But our interest rests on the complex relationship between Jamie and Maggie as they go from sex-partners to friends and confidantes. Hathaway steals every scene in a luminous performance, while Gyllenhaal transforms effectively from selfish to selfless. Involving and engrossing, this is a memorable love story and one that resonates.

Review by Andrew L. Urban:
Above average romantic comedies are welcome in a world of cynicism, selfishness and plain stupidity; Love and Other Drugs is one of these, an intelligent and often entertaining story of two unlikely people drawn to each other ... as opposites are. And there are good sex scenes to boot, with Anne Hathaway who has a way of being both sweetly innocent and sexy all at once as Maggie and a likeably macho Jake Gyllenhaal as Jamie.

There is plenty of meat in the screenplay, layers of emotionally charged secrets and demons to haunt our protagonists. As Jamie matures into a real man, Maggie has to learn to accept his love with hope - it's a challenge for both. We have to believe all this absolutely to make it work and to care about everything that happens to them.

Both leads work wonders with their characters, surrounded as they are by a collection of crazy and annoying people; Jamie's brother Josh (Josh Gad) spends his days watching porn on Jamie's lounge after being kicked out of his girlfriend's place - for watching porn. Jamie's manager Bruce Jackson (Oliver Platt) is an enthusiast with ambition he struggles to satisfy - and Platt delivers a well rounded, high volume and painfully real character.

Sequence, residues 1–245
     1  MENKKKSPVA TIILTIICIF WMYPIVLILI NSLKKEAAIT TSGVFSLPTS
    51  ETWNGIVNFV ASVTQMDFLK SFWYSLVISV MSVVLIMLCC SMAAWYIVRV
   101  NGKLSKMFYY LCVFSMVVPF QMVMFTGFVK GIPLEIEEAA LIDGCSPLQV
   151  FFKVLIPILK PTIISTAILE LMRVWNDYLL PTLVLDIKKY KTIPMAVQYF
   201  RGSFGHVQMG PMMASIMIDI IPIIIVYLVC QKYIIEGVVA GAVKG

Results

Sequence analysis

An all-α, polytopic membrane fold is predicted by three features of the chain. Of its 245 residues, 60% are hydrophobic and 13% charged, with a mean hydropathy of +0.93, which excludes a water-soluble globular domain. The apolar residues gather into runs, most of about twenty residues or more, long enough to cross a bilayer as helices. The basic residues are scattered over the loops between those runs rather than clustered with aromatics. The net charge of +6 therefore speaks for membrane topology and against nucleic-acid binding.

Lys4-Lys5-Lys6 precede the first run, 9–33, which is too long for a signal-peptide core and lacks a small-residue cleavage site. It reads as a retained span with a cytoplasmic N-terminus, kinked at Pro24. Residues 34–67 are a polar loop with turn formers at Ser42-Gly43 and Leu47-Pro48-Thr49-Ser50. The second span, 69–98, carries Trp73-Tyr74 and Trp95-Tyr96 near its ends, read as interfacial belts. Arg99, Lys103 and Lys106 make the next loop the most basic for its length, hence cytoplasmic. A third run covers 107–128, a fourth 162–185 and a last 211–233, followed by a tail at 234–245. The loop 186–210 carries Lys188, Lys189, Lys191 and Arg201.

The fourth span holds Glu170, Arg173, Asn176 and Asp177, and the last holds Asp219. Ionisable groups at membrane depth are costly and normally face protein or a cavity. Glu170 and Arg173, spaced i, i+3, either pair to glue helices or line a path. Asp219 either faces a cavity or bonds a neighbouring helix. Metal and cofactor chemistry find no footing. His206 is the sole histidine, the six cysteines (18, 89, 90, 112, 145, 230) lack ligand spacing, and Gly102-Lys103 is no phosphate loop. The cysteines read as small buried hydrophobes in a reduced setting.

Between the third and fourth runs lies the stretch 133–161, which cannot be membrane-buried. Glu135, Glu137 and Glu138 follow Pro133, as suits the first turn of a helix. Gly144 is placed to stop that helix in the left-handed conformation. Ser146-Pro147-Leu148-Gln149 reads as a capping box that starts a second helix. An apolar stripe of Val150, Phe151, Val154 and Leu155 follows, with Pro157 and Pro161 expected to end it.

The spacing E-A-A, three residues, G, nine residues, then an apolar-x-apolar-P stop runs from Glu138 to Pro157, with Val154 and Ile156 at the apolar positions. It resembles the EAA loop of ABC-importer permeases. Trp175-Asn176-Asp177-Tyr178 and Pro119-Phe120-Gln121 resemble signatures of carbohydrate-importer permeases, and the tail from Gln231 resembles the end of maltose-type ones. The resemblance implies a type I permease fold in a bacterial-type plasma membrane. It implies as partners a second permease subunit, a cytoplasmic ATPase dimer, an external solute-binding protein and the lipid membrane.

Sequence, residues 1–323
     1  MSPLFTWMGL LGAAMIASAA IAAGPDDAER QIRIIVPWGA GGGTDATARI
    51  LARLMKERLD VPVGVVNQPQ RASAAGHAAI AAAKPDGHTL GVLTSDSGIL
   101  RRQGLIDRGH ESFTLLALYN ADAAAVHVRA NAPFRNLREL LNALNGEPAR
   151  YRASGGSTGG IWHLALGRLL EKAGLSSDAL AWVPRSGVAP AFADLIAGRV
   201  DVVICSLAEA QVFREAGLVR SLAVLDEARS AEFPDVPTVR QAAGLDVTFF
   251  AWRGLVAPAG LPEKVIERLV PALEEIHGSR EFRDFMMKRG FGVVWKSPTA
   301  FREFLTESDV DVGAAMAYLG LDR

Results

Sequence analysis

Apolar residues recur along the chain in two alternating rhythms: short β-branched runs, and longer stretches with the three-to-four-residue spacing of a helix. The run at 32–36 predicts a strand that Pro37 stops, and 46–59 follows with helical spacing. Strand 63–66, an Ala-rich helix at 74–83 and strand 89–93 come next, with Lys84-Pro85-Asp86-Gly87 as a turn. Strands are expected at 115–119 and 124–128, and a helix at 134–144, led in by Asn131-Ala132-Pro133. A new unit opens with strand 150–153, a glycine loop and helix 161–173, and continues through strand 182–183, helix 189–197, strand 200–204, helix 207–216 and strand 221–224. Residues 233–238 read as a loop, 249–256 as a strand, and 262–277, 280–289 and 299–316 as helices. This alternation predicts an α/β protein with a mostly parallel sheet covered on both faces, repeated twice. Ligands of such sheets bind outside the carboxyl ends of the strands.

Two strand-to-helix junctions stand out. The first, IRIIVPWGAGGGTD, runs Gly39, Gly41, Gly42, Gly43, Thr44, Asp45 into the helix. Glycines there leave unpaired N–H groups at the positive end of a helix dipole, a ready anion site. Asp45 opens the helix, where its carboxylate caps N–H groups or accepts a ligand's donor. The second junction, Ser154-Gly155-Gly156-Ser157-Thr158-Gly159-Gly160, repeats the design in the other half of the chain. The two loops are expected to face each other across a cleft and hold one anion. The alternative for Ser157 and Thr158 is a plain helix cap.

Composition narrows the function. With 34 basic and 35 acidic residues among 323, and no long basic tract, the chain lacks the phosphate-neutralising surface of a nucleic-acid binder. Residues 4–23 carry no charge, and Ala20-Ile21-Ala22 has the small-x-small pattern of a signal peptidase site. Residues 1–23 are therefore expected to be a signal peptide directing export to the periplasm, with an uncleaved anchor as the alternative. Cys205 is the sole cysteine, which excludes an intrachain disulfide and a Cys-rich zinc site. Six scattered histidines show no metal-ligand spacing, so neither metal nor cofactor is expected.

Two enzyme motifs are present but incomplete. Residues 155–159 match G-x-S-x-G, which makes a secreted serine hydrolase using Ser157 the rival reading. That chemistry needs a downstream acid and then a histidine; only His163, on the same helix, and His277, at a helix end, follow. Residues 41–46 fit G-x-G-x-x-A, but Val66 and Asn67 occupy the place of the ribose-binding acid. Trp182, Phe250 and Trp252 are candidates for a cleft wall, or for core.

Dr Knight (Hank Azaria) is an opinion-leader amongst his peers, but his private life is a bit sordid. To Jamie's consternation, Dr Knight has befriended egotistical smart-aleck salesman Trey (Gabriel Macht) - his biggest competitor. That is until Pfizer launches Viagra, giving the sales chart an erection and propelling Jamie onward and upward in his career.

Also making a memorable contribution is Judy Greer as the medical centre receptionist who falls for Jamie's charm - but is soon left in his wake.

Director Ed Zwick has managed the film's tone with care, starting with a broad, noisy, freewheeling mood which gradually morphs into the start of a romance and all the sex that goes with it, and then to fading hope, and a more serious tone in which to find the answers that both Jamie and Maggie seek - albeit by different means.

There's laughter and fun here, but also a melancholy note that extends throughout the film, which is what grounds it so firmly in a recognisable reality; and makes the film satisfying.

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(US, 2010)

CAST: Jake Gyllenhaal, Anne Hathaway, Katheryn Winnick, Judy Greer, Hank Azaria, Oliver Platt, Gabriel Macht

PRODUCER: Edward Zwick, Pieter Jan Brugge, Charles Randolph, Marshall Herskovitz, Scott Stuber

DIRECTOR: Edward Zwick

SCRIPT: Edward Zwick, Charles Randolph, Marshall Herskovitz (novel Hard Sell: The Evolution of a Viagra Salesman by Jamie Reidy)


EDITOR: Steven Rosenblum

MUSIC: James Newton Howard


RUNNING TIME: 113 minutes


AUSTRALIAN RELEASE: December 16, 2010